The port of Vigo, one of the best natural ports in the world, gave rise to this town surrounded by mountains. Its maritime qualities, already used in Roman times, have given rise to its current leisure ports, transatlantic dock and fishing and canning industry. All this has contributed to the urban development of Vigo, in which the popular seafaring farmhouse is combined with important historical constructions and large landscaped avenues.
The old town, the Cidade Vella, is built around the old fishing district of «O Berbés», near the port. In this neighborhood, of Historical Tourist Interest, are the arcades of the Plaza de la Constitución, fishing streets and emblazoned houses. In this network of small streets, where the facades usually have glazed viewpoints, the Collegiate Church of Santa María, the Co-Cathedral of Vigo-Tui stand out. It is a neoclassical construction erected on the remains of a Gothic church set on fire by the pirate Drake. In this area we can visit the «Mercado do Pedra», a unique place to buy and taste Galician oysters. The most current Vigo unfolds in the triangle formed by Puerta del Sol, Colón and Urzáiz. Between large avenues we find distinguished buildings such as the García Barbón Cultural Center, a work of Antonio Palacios. In the modern area stands one of the best viewpoints over the Vigo estuary, the Monte do Castro. Between forests and recreational spaces are the remains of the forts that formed the primitive settlement, in addition to the ruins of the O Penso Castle, from the 10th century. On its layout, the current Castillo de la Torre was built in the 17th century. The extensive Municipal Park of Castrelos is located in what used to be the Pazo Quiñones de León estate. Between neoclassical gardens and centuries-old trees, the Municipal Museum offers us an interesting collection made up of Roman stelae, furniture and sculptures, and an art gallery that includes both European Baroque works and modern Galician authors. The park also has an open-air auditorium, where important musical events take place. The mountains of A Madroa and A Guía, which surround the city of Vigo, make up exceptional observatories from which to admire the surrounding landscape. In the first we can visit the Zoological Park, while in the Municipal Park of A Guía stands the hermitage of Nosa Señora da Guía. The Galician Sea Museum, located at Punta do Muiño, in the parish of Alcabre, consists of buildings, gardens, a square and a dock. This set, the work of Aldo Rossi and César Portella, houses different elements related to the sea. The Ria of Vigo. Vigo is a well-connected city, through highway and airport, which has important nautical facilities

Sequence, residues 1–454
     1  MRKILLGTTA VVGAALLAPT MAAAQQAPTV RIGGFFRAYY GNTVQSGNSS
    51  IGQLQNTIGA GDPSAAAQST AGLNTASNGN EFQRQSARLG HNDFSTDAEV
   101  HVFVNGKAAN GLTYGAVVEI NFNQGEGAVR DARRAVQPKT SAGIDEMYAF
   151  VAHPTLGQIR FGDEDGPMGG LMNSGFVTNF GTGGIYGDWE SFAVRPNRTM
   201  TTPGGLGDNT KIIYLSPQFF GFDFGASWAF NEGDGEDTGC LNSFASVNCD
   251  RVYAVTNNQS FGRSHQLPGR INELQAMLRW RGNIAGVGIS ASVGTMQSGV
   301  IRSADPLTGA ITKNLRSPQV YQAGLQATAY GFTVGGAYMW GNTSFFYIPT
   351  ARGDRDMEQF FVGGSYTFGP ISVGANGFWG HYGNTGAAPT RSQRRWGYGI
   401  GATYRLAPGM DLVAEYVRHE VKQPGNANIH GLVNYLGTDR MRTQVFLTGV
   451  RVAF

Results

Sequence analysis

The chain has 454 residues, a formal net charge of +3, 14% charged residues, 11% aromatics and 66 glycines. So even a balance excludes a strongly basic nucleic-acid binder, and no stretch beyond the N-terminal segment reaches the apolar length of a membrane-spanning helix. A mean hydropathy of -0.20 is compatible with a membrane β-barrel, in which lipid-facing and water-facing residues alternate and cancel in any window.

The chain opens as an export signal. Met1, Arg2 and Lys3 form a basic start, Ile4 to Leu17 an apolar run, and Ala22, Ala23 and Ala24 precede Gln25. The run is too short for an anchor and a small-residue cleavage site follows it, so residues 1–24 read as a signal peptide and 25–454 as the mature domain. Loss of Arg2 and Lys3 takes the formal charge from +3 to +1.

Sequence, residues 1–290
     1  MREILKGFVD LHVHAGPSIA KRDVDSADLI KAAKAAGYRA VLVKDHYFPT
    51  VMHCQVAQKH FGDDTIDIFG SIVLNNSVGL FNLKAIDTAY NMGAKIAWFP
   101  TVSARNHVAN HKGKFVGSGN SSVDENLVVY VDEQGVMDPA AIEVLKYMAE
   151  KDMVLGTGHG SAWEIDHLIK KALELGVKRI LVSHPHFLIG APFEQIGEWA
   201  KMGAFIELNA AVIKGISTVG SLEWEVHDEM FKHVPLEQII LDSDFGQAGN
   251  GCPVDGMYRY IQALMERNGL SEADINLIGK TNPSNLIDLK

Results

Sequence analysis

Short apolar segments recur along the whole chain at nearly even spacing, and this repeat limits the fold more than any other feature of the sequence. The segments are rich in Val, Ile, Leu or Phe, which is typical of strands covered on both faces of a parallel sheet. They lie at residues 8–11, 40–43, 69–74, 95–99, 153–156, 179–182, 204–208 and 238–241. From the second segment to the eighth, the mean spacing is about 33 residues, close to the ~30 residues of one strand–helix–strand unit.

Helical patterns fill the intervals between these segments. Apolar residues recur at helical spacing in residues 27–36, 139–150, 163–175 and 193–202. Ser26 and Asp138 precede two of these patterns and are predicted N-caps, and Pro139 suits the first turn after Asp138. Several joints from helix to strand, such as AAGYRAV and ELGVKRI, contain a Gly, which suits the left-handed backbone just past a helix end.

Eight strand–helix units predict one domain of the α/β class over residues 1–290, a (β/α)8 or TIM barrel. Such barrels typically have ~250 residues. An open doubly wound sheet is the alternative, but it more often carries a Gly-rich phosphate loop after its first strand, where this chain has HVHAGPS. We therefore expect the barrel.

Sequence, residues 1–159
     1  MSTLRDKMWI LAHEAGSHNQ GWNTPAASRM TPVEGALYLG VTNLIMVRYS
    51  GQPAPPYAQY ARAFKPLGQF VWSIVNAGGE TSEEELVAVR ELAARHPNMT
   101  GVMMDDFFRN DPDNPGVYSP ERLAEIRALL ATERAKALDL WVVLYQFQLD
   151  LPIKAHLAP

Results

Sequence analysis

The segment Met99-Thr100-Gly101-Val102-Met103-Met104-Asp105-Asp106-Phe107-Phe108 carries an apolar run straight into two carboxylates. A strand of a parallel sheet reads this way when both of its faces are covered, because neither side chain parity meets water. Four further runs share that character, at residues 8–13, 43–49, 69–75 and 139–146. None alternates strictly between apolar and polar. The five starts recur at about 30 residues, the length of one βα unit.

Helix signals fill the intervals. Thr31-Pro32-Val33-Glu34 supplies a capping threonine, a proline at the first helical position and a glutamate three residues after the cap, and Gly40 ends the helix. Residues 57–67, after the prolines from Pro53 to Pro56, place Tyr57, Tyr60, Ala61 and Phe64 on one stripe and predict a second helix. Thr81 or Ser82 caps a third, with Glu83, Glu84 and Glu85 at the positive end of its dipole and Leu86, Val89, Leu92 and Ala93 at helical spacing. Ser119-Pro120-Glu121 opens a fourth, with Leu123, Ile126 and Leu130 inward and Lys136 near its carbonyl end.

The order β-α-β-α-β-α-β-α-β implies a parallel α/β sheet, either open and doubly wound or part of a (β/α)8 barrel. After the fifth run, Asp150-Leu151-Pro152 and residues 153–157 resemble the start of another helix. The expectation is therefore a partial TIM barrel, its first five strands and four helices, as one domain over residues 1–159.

and a golf course in its vicinity
from its maritime station you can hire tickets to travel to the fishing villages of Cangas and Moaña, on the other side of the estuary, and even sailing to the Cíes Islands.
Islas Cíes belongs to the National Park of the Atlantic Islands, and its steep cliffs and dunes are home to thousands of migratory birds. The tour of the Ría de Vigo offers us the contemplation of historic towns such as Baiona. Its Parador de Turismo, an incredible viewpoint over the Atlantic, alternates elements from its past as a medieval fortress with vestiges of stately Galician architecture. Its restaurant offers us both traditional dishes and imaginative recipes made with products from the region, such as sea bass with razor clams in turnip top sauce. The beaches of Nigrán, the oysters of Arcade and, inland, the Mondariz spa, are some of the countless attractions in the area. The province of Pontevedra also offers us its capital, located in the estuary of the same name. Important religious and civil constructions stand out in the network of streets and squares of its historic center. The palace of the Counts of Maceda houses the city’s Parador de Turismo, a privileged accommodation where we can spend the night during our stay. Another of the most important ports of the Ría de Pontevedra is Marín, known for its Naval Military School. Combarro, Sanxenxo and Portonovo are other towns of interest and excellent beaches, in addition to the Ons Islands, which enclose the estuary and form part of the Galician National Park. The Ría de Arousa takes us to Villagarcía de Arousa, O Grove and the island of A Toxa, whose spa is one of the most impressive in Galicia. Cambados offers the traveler its Parador de Turismo, the old Pazo de Batán, dating from the 17th century. In the south of the province, almost on the border with Portugal, the visit can continue in the Monte Aloia Natural Park, with archaeological remains of great value; the historic city of Tui, point of entry into Spain for the Camino del Norte of the Jacobean route (ending in Santiago de Compostela), whose Parador de Turismo is located in a mountainous and river environment; or A Guarda, mouth of the river Miño, where we can visit the hill fort of Monte Santa Tegra. In any of these points we can approach the delicious cuisine that the Galician tradition has preserved, and the fruit of the most innovative chefs. The Rías Baixas bring hake, turbot and sea bass to the table; while among the molluscs we highlight barnacles, oysters, clams, mussels or cockles. Raw material that is made into stews and empanadas, on its own or combining flavors and textures. The Galician veal and potatoes, the cachelos, have a designation of origin, and are integrated into the most succulent dishes. Wines with the Rías Baixas Designation of Origin are the best accompaniment for these recipes. The gastronomic tasting can end with the Santiago cake (almond cake) and a queimada, a traditional drink resulting from the burning of orujo brandy.
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O Cotiño, San Andrés Ribadavia Ourense (Spain)